Bunuel wrote:
Saul invests an amount of dollars in investment A at i% simple annual interest, another amount in investment B at j% simple annual interest, and a third amount in investment C at k% simple annual interest. If the percent interest rates i, j, and k are in a ratio of 3:2:4, what is the ratio of the average rate of interest on all three investments (taken together) to the interest rate on investment A?
(1) The amounts Saul invested in investments A, B, and C are in a ratio of 1:4:5.
(2) Saul’s three investments total $100,000, while the total amount of money he earns in interest in the first year is $18,600
Kudos for a correct solution.
MANHATTAN GMAT OFFICIAL SOLUTION:For 3-way ratios (such as 3:2:4), use the unknown multiplier to reduce the number of variables. If x is an unknown multiplier for the interest rates, then i = 3x, j = 2x, and k = 4x. The question asks for the ratio of the average rate of interest on all 3 investments (taken together) to the interest rate on investment A, which is i or 3x. (We can ignore the fact that technically, we should divide these variables by 100: i% = i/100, but this adds complexity that doesn’t matter in the end, because all the interest rates are expressed the same way. Let’s just pretend that all the interest rates are expressed as decimals, so we don’t have to divide by 100 everywhere.)
First of all, we should note that the “average rate of interest” is not the simple average of 3x, 2x, and 4x, which would equal 3x. (For one thing, that would mean that the ratio is 1 before we even look at the statements, and Data Sufficiency questions can never be answered simply from the givens in the question stem.) Rather, we must figure out the interest in dollars across all 3 investments, add up that interest, and then divide by the total investment to get the effective interest rate – which will be a weighted average of the 3 interest rates, weighted by the amounts invested in each investment.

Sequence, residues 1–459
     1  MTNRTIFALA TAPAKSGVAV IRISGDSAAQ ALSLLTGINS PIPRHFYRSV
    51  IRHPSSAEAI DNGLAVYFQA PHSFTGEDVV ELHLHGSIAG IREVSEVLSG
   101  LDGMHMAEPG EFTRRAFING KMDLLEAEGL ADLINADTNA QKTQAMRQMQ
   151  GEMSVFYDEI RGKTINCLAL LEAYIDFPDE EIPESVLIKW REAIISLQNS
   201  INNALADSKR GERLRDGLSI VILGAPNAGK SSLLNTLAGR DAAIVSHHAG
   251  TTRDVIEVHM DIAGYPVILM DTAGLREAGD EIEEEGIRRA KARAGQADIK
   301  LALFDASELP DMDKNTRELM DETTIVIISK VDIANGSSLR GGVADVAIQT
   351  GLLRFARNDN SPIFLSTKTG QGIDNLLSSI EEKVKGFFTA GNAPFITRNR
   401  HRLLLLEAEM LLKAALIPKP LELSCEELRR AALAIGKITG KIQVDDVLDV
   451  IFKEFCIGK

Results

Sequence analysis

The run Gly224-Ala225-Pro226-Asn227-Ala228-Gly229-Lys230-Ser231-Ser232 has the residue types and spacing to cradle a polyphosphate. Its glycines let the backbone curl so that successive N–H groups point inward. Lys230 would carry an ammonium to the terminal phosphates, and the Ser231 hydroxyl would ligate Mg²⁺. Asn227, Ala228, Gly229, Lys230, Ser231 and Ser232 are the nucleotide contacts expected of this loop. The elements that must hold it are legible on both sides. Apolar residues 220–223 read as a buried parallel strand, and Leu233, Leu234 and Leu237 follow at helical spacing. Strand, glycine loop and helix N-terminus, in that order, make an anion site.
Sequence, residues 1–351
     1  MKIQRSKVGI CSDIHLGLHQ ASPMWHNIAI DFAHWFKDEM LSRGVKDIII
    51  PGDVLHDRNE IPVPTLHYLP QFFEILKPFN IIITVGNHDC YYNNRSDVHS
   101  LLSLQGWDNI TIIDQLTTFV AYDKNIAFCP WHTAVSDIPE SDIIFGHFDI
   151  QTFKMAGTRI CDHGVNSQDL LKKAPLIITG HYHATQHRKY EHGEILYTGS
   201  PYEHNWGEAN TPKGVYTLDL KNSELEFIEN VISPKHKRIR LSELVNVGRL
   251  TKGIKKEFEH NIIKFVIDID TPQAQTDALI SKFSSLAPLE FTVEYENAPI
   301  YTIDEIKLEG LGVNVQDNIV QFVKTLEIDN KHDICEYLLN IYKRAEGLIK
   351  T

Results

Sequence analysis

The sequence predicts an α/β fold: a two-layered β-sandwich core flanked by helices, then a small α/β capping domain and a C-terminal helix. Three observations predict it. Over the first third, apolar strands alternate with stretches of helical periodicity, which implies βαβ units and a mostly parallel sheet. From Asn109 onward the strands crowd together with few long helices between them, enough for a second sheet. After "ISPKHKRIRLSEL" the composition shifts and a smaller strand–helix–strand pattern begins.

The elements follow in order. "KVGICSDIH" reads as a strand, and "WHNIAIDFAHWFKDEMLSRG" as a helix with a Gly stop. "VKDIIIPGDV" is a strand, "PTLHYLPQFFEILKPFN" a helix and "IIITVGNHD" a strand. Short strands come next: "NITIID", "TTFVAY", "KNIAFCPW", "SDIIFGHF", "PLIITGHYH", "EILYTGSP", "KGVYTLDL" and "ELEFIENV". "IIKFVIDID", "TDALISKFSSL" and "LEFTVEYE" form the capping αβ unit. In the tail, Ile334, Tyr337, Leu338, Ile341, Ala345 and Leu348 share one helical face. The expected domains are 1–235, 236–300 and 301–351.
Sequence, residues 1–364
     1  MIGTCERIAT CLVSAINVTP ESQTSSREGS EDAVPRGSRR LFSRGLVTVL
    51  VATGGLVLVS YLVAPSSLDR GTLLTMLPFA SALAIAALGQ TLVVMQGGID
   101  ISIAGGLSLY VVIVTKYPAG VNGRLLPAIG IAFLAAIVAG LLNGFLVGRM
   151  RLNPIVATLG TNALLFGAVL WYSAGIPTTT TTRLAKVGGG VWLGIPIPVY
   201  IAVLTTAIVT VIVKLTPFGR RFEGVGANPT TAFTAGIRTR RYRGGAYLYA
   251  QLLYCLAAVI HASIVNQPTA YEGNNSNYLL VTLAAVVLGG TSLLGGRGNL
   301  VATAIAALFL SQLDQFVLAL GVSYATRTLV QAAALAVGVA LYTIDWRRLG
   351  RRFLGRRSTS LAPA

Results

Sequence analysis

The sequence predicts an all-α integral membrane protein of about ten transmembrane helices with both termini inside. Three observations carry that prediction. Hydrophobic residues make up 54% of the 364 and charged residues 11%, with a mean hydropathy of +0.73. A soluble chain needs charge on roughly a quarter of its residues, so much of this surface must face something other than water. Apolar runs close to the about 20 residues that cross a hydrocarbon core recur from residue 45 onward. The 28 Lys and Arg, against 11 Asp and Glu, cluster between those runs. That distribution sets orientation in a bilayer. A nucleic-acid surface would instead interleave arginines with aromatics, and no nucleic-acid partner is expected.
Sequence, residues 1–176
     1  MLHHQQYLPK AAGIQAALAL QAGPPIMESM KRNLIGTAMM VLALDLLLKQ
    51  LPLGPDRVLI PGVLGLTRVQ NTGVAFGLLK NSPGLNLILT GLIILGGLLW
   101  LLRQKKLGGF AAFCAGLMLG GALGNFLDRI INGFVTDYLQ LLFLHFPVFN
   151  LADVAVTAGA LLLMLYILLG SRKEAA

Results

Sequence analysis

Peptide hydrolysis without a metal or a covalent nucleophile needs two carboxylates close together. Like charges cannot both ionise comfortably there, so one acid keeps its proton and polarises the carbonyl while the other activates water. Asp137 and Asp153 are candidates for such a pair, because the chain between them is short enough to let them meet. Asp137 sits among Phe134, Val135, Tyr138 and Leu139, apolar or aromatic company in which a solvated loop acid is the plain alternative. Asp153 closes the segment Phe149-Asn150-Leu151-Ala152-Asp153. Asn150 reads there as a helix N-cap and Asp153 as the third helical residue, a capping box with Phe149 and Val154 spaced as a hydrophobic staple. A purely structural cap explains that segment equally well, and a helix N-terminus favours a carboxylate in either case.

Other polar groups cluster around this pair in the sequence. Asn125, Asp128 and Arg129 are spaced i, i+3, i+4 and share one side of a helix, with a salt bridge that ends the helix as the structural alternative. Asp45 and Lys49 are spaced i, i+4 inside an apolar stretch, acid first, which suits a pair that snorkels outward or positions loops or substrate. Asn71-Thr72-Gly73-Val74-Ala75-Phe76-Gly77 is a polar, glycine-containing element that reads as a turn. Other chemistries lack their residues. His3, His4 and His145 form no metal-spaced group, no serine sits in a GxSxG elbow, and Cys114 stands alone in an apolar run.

We could name the invested amounts a, b, and c. Then the dollar interest on investment A is the invested amount a times the interest rate 3x, or 3xa. Likewise, the dollar interest on investment B is 2xb, and the dollar interest on investment C is 4xc. The total dollar interest is 3xa + 2xb + 4xc, and then we’d divide by a + b + c to get the weighted average interest rate. The ratio of this result to 3x is the desired quantity. (Let’s not write it out yet!)
Statement 1: SUFFICIENT. We have another 3-way ratio:
a:b:c = 1:4:5
So let’s use another unknown multiplier (say, y).
a = y
b = 4y
c = 5y
Now figure the total dollar interest: 3xy + 2x(4y) + 4x(5y) = 31xy. The total invested amount is y + 4y + 5y = 10y, so the weighted average interest rate is 31xy / (10y) = 3.1x. The ratio of this average interest rate to the interest rate on investment A, 3x, is 3.1x / (3x) = 3.1/3 = a definite number. Both unknown multipliers cancel away. This statement is sufficient.
Statement 2: NOT SUFFICIENT.
Remember to go back to a, b, and c for the amounts invested. We know that the total amount invested is $100,000, so we can eliminate one of these variables:
c = 100,000 – (a + b)
We also have that the total interest in dollars is $18,600, so we know that the overall weighted average interest rate is 18.6%. The question then becomes, is the value of x fixed under these conditions? If so, then the ratio we want is fixed.
The total dollar interest is 3xa + 2xb + 4xc = 3xa + 2xb + 4x(100,000 – (a + b)) = 18,600.
We can factor out an x, but the a’s and b’s will not fully cancel away, so the value of x is not fixed. Thus the desired ratio can take on different values.
The correct answer is A.Thanks for clarifying an important point that the numerator in the ratio isn't the average of the three interest rates.
My query is how do we know that we have been asked a weight based average & not an arithmetic mean. I know one clue was that the question stem itself had the solution, but isn't weight based average thing must be clearly mentioned.